After the Fire, Life

AfterTheFireIt’s always interesting to me to see how quickly nature responds to fire scars. Where once there appeared to be, quite literally, “scorched earth,” plants begin to return the ecosystem to something more like “normal,” if that is a concept that even applies. In reality, fire is a part of “normal” as we seem to finally be discovering in this desert state of ours.

So I was happy to see that the fire scar on the Montini Preserve, about five acres, was already beginning to rebound with life (see picture). It’s possible that the tiny bit of rain that we received recently inspired some plants to send out new shoots. Whether that was the impetus or not is kind of beside the point, as whatever the reason it’s just nice to see the plants coming back.

As we endure bigger and worse fires due to the impacts of global warming, it wouldn’t hurt to remind ourselves that as much as we may be devastated by seeing our beautiful forests burned, there is still hope and renewal to be found. 

A Turning Point

https://www.flickr.com/3sidesphotography/15941104202For some years, a few folk, down on their luck or simply seeking a wilderness home, have slipped up onto Montini Preserve or Sonoma Overlook lands each evening and made camp in the woods out of sight of the trails. Local legislation limits the enforcement of trespassing laws here; police and sheriff’s officers are ordinarily required to provide a place to which the evictees can relocate. A kind of leave-them-be approach has quietly endured.

Frequent fires on Montini this year have forced a sea change on policy, however. It has been decided that the risk to the town is simply too high. Going forward, the encampments will be removed and trespassing laws fully enforced.

There is universal regret among the many agencies and individuals that oversee and tend these areas. We are all deeply aware of the critical shortage of housing in Sonoma Valley and beyond and the complex needs of our local homeless residents. We’re working on it.

For more about this story, visit the Index Tribune’s take here.

Earth Abides

abide – to endure without yielding

Readers of this blog and locals probably know that during the recent firestorm Cal Fire bulldozers cut fire breaks on the Montini and Overlook properties. We are happy that they did this, as it was essential to protect the town. But nonetheless we were concerned about these scars as we are entering the rainy season.

Cal Fire and the City of Sonoma worked hard to mitigate the impacts of those scars, and that work is already paying off.

The Stewards had planned to meet this morning to spread seed over the cuts, but we canceled due to rain. I went hiking anyway and spotted a lot of grass starting to poke through the straw that was laid down on some of the cuts. This was surprising to me, as bulldozers moved over those cuts not once, but twice (once to make the cut and again to spread the mounds of soil left from the first time) and grass is already coming up.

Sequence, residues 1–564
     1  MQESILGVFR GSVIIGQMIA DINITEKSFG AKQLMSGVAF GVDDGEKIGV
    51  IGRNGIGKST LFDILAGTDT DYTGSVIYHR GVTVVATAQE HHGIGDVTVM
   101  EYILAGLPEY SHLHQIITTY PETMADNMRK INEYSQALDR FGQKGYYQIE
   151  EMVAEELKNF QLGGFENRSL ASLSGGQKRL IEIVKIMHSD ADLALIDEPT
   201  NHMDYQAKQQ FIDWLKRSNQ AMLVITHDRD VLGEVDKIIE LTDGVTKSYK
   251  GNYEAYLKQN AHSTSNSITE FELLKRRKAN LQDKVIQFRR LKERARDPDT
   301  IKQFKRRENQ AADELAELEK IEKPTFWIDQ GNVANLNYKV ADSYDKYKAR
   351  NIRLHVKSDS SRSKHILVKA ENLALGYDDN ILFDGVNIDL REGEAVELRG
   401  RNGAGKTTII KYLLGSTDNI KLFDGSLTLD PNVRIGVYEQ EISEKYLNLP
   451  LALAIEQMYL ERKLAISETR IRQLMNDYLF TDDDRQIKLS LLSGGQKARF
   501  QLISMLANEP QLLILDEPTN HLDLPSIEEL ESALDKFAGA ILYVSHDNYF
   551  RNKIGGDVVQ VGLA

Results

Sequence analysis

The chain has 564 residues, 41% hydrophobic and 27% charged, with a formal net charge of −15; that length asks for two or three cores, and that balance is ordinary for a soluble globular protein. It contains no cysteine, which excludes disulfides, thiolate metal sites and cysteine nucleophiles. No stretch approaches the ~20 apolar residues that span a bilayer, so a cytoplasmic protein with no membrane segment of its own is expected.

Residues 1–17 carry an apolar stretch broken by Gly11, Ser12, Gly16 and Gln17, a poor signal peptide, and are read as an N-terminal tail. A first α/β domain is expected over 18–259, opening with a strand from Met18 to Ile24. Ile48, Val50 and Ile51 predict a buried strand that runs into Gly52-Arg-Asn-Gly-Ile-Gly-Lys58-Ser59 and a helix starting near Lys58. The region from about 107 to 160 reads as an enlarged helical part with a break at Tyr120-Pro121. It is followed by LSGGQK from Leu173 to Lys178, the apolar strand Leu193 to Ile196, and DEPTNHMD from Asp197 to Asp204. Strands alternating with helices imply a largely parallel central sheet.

That’s a really good sign that Mother Nature is going to heal itself, with little intervention from us. We will monitor the situation, and seed where it looks like it needs it, but for now it might just be enough to let nature take its course.

The Overlook Trail Is Now Open!

I am very happy to report that Cal Fire came with 30 people to work on the trail and have made it usable again. So the trail is open!

Please join us in thanking Cal Fire for all they have done to not only save much of our community but also to mitigate some of the damage that was necessary to fight the fire. A truly heroic effort.

We also want to thank the Public Works team of the City of Sonoma who prioritized fixing the trail: Chris Pegg, Trent Hudson, and Colleen Ferguson.

Meanwhile, our hearts, minds, and money should also go out to our fellow local citizens who have lost, at least in some cases, everything. Others have lost jobs, paychecks, or other things and require our support.

There are many, many ways to support those who have been damaged by these fires. As you once again hike or run the Overlook, we encourage you to keep them close to your heart.

 

The Good News and the Bad

Anyone reading this blog is likely aware of the wildfires that broke out over a week ago and are still burning parts of Sonoma, Napa, and Mendocino counties. Our hearts go out to all of those affected — many substantially. Also, all of the first responders, from both near and far, have our everlasting gratitude for what they’ve done to save our communities.

One thing they did was to bulldoze firebreaks in the hills, to set up lines that could be defended and stop the fire in the hills before it came down to burn our neighborhoods and towns.

Today I went out on the Montini Preserve and the Sonoma Overlook Trail to see how they had fared. Neither property had been touched by fire. But firebreaks were carved on both properties, with the Montini Preserve not nearly as impacted. The firebreak on the Montini essentially followed the existing dirt road up the hill, and thus only crossed one trail. That is likely easily fixed with some shovel work.

The Overlook did not escape damage so easily. Bulldozers crossed the trails probably 15-20 times, and in places left substantial damage. Several spots will need to be completely rebuilt (see picture of a portion of Rattlesnake Cutoff).

Because of this, we are closing the Overlook until we can get the trails repaired, and in the meantime we are directing hikers to the Montini Preserve. Please bear with us as we work to recover the trails so many of us love.